With this WE Heraeus Fast Track Symposium on charge noise in spin qubits we would like to bring together experts from Europe and overseas to discuss the origins and impact of charge noise in spin qubit devices. We believe that this timely topic requires a very focused technical meeting with a small group of participants that have a strong technical background on this topic. We will exchange ideas and findings regarding quantitative comparisons of charge noise in different spin qubit platforms, mitigation strategies (improved materials and fabrication, surface treatments, filtering) and operation at sweet spots which reduces the noise sensitivity while preserving operation speed. To compare a large range of silicon and germanium-based platforms (holes and electrons, MOS, Ge and Si quantum wells and GeSi nanowires) we include in our discussion also questions related to nuclear spin noise and valley splitting which are not directly linked to charge noise but give rise to related trade-offs.

The goal of the symposium is to come up with standard characterization methods and a joint understanding of the impact of materials and fabrication processes on charge noise, and assess the strategies to resolve these issues.


Charge noise is one of the key limitations in scaling up quantum-dot-based qubits to large scale quantum systems. While the spin state of electrons and holes is largely isolated from its charge degree of freedom, the manipulation of spin qubits with gate voltages requires some form of spin-to-charge coupling. For single-qubit gates, this coupling can be either mediated through a built-in spin-orbit interaction or by nanoscale magnetic field gradients. However, the coupling of the spin to the charge degrees of freedom makes the qubit more sensitive to uncontrolled charge or electric field fluctuations in the substrate materials, at interfaces and from electrical noise on the gates. Moreover, all known schemes for two-qubit gates entail a sensitivity to charge noise through either a tunable wavefunction overlap (exchange interaction) or a capacitive coupling, since direct magnetic spin-spin interactions are weak.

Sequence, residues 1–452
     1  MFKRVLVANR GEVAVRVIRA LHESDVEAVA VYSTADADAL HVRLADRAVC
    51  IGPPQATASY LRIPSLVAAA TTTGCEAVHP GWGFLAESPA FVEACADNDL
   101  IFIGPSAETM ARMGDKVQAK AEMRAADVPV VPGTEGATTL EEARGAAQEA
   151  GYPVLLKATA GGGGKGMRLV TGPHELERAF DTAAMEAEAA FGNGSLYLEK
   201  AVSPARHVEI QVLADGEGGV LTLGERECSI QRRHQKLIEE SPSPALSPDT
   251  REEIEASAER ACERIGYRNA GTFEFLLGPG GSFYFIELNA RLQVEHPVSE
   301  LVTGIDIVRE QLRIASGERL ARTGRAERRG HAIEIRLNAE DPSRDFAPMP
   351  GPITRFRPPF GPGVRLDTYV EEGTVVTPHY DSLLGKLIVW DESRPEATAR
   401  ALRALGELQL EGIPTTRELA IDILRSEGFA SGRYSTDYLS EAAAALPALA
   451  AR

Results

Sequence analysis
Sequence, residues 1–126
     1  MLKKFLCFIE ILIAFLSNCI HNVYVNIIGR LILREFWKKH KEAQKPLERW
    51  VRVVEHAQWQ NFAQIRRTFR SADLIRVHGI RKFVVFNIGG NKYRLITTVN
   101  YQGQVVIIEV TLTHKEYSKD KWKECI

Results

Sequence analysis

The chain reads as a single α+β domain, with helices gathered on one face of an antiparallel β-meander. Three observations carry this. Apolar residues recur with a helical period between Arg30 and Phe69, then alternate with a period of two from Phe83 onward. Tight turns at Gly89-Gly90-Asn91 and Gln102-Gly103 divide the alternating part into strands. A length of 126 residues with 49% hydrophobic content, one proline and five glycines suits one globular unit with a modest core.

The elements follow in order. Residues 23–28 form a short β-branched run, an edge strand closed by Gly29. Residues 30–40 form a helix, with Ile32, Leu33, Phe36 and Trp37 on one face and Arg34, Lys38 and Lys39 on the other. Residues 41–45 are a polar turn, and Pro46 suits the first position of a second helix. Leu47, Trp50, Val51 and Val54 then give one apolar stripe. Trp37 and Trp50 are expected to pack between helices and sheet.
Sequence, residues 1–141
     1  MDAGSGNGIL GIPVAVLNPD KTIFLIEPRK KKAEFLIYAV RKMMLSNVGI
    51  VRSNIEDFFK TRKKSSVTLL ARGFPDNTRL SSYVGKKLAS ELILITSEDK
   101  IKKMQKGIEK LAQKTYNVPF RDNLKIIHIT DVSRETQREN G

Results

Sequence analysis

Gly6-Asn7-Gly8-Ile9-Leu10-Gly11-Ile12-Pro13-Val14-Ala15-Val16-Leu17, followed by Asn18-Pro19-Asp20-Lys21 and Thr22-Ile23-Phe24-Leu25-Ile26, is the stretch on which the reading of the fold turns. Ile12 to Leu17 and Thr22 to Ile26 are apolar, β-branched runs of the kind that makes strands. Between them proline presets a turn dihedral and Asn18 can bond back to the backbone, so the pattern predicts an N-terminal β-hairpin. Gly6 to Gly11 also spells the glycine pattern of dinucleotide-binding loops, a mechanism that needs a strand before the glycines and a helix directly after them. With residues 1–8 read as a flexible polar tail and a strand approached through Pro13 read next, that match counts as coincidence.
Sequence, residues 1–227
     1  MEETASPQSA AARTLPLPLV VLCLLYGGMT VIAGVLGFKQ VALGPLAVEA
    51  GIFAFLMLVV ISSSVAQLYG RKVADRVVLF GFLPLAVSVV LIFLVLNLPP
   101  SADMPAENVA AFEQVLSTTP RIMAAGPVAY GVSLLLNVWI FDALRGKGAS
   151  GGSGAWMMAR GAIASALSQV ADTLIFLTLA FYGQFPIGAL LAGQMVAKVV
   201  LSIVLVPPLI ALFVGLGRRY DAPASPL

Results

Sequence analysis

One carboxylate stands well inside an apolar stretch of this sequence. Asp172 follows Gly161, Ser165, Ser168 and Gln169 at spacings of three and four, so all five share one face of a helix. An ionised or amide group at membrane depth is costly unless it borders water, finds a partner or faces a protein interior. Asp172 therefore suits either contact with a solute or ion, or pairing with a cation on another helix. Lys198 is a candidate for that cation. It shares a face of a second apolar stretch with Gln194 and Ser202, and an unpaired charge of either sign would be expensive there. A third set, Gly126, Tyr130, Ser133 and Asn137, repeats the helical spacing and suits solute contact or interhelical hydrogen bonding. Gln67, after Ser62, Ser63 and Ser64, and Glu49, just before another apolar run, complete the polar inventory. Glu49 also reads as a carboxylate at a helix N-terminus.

Many of the other qubit technologies (superconducting qubits, ion traps, etc.) have a comparatively large qubit footprint and have been engineered to be less susceptible to charge noise. This facilitated impressive progress to systems of 10s - 100s of qubits. In contrast to this, semiconductor spin qubits can be as small as classical transistors and therefore have great potential for scalability. However, the proximity of surfaces, interfaces and amorphous oxides and the nature of the electrically induced quantum confinement makes charge noise the key limiting factor for this platform. There is no clear consensus in the field, on how to fully characterize or mitigate this issue and many groups have their individual recipes or insights that they argue help reduce charge noise for them. In order for the field of spin qubits to progress more quickly, it is critical to discuss this challenge and to agree on standard methods for characterizing charge noise, on ways to mitigate its impact, and to compare its influence on the various spin qubit platforms.

Organizing committee

  • Dr. Andreas Fuhrer (contact)
    IBM Research Europe – Zurich, Switzerland
  • Prof. Dr. Guido Burkard
    University of Konstanz, Konstanz, Germany

Previous workshops